A growing evidence base


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More positive results have led to a call for nationwide acceptance of pharmacists in general practice, with scope for community pharmacists to integrate in the future

A new study has added to the evidence in favour of integrating pharmacists into general practice, with benefits found for medication management in patients.

Results of a six-month study conducted in Western Sydney from October 2016 to March 2017 showed high rates of GP acceptance of pharmacist recommendations as a result of pharmacist-patient consultations across 15 general practice sites.

Six non-dispensing pharmacists involved in the project run by WentWest, also known as the Western Sydney Primary Health Network (WSPHN), identified 1124 drug-related problems across 493 patient consultations.

Pharmacists made 984 recommendations, of which 685 (70%) were recorded as accepted by the GP.

A large proportion of drug-related problems were caused by medication use without indication, and over dosage.

Other problems included untreated indication/missed therapy, lab test required, dose too low, and inappropriate drug selection.

The high rate of acceptance reveals that pharmacists have a “valuable” role to play in detecting and resolving drug-related problems as part of a general practice team, say the authors from the University of Technology Sydney and WentWest.

Their results have been published this month in the International Journal of Clinical Pharmacy.

‘We need a national approach’

PSA president Dr Shane Jackson says the results add to the broad evidence on pharmacists in general practice, highlighting that the organisation has been advocating for this “for a long period of time”.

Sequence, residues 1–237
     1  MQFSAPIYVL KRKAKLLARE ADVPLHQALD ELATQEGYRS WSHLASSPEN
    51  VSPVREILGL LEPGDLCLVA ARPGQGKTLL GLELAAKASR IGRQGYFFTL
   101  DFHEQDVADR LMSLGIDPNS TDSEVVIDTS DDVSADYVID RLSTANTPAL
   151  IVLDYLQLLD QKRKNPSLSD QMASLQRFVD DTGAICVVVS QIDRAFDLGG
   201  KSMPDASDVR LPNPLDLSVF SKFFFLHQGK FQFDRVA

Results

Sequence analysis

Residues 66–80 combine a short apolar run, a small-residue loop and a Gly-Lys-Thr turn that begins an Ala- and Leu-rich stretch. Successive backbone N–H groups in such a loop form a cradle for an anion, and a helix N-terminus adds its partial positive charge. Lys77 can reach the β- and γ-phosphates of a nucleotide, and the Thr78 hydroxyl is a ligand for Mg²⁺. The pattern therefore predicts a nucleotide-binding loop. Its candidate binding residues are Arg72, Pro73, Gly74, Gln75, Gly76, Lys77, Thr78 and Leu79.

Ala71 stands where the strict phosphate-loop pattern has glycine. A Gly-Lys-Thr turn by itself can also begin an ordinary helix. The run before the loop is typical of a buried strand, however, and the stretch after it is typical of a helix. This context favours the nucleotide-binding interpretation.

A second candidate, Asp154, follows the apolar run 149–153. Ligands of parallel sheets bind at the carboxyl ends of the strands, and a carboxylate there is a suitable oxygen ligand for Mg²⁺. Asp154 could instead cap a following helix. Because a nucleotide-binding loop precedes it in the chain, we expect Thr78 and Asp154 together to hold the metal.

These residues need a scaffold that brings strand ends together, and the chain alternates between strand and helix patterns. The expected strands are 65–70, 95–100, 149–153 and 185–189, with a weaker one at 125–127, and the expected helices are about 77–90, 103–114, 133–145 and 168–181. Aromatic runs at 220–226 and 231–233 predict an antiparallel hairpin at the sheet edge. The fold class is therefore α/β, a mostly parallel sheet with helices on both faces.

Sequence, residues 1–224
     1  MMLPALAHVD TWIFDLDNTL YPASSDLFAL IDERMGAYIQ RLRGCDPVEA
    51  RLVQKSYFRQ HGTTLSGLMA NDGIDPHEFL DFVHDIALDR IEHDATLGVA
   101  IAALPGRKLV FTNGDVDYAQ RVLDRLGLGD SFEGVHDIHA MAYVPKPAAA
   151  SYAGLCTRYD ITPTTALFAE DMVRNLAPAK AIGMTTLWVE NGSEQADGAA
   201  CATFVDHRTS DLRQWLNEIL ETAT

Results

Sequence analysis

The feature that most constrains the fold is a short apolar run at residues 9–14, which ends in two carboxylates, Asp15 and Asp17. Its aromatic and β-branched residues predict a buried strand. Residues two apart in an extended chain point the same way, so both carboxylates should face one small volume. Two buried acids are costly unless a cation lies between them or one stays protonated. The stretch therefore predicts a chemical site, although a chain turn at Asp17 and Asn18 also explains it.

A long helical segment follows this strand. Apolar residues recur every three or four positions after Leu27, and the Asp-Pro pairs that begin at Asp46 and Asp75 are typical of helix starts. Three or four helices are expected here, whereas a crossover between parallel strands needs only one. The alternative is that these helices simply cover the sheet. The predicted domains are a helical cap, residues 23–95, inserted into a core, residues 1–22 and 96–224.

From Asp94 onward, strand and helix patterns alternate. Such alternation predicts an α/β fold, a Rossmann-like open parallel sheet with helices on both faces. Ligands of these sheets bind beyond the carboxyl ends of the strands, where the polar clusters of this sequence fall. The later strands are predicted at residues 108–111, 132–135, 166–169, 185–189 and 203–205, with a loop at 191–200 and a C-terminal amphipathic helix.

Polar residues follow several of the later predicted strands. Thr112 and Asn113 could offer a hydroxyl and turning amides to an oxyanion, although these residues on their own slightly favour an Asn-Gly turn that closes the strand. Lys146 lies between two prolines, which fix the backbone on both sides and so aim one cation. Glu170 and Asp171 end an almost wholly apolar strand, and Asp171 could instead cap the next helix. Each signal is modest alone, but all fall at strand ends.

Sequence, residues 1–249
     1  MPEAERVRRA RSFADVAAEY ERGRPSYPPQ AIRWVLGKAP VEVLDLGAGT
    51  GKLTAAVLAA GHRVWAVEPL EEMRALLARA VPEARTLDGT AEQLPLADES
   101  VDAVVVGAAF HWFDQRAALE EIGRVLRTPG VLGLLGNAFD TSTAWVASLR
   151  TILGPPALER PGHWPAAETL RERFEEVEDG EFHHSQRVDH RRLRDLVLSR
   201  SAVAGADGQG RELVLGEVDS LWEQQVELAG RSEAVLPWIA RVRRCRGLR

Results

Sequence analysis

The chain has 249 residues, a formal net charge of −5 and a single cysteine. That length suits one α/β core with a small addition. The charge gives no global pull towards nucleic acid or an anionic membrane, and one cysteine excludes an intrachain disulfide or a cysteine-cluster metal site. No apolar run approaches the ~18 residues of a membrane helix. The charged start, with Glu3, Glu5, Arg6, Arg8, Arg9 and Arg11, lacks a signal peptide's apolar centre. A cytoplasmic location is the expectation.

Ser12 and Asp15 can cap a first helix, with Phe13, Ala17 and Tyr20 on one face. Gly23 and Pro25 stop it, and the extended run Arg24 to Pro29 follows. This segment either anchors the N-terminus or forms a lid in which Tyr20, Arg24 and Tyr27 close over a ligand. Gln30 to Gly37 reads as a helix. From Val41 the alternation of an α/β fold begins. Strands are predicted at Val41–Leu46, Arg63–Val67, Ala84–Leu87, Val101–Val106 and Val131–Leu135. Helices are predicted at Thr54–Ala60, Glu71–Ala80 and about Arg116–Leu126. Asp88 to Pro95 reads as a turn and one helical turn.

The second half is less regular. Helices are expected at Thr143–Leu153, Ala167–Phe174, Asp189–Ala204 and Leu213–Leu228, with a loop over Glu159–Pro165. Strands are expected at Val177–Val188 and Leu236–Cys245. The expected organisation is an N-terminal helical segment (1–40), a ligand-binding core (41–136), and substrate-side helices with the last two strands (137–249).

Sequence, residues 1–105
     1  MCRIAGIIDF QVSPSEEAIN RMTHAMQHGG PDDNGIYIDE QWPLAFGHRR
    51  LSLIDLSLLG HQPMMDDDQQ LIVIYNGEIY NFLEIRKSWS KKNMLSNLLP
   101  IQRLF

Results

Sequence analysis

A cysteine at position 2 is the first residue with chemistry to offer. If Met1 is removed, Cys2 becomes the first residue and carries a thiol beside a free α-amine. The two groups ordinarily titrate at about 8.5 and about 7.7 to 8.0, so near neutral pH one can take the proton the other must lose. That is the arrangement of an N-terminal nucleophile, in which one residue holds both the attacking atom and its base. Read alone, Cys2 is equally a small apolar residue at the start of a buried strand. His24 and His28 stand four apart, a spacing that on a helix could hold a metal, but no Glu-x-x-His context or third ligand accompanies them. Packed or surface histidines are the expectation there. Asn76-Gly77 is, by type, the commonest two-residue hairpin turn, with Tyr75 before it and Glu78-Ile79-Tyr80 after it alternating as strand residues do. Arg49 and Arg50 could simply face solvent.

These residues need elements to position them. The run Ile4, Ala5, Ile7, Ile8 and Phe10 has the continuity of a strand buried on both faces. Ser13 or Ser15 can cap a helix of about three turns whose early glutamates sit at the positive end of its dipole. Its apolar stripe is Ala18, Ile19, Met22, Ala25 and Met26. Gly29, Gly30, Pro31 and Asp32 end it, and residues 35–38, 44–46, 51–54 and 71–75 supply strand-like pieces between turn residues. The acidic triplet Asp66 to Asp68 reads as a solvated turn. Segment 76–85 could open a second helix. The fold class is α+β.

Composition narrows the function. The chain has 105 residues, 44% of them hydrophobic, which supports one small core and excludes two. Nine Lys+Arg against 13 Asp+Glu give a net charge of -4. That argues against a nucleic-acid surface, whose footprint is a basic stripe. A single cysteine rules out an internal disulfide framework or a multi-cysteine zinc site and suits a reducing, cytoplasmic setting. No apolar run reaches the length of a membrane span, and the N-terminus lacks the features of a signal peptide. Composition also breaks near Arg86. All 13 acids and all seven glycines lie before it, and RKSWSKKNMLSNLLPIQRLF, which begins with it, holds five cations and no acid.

“It’s another study in the Australian setting; it’s funded by the Primary Health Network (PHN) – some of these innovative PHNs are putting funding into pharmacists and their role in general practice,” says Dr Jackson.

2013 Australian study published in the same journal found integrated pharmacists had a similar acceptance rate of recommendations made to GPs at 71%, supporting the new findings.

And a 2016 pilot program run by the ACT’s PHN – the Capital Health Network – was so successful it was extended for another 12 months.

It received positive feedback from the GPs, patients and pharmacists involved in the program.

Despite increasing evidence, pharmacists are not currently routinely integrated into general practice in Australia, and there is no system-level funding available to support the practice.

The results show a need for a nationwide approach towards integration, says Dr Jackson.

“What this study also does is it raises the need for a national program for pharmacists in general practice,” he tells AJP.

“That’s what we put in our [Federal] Budget submission. We need a national approach to improving medications management.”

The role of community pharmacy

Co-author Professor Charlie Benrimoj, from the University of Technology Sydney, says this is just the first step in the research.

He wants to go one step further and find out whether community pharmacists can also be integrated into general practices with the same benefits.

“There’s two issues. Firstly, it’s starting to prove the effectiveness of pharmacists working with GPs and I think that’s a really good thing for patients,” Professor Benrimoj tells AJP.

“It builds evidence that pharmacists working in general practice is effective. We’ve got data from the UK that shows this as well. This is one model.

“The next step of our research is to do a randomised controlled trial.

“But after that, what we want to do is gain evidence of whether community pharmacists can integrate with GPs and can gain the same benefits. So that’s going to be the second step of research.”

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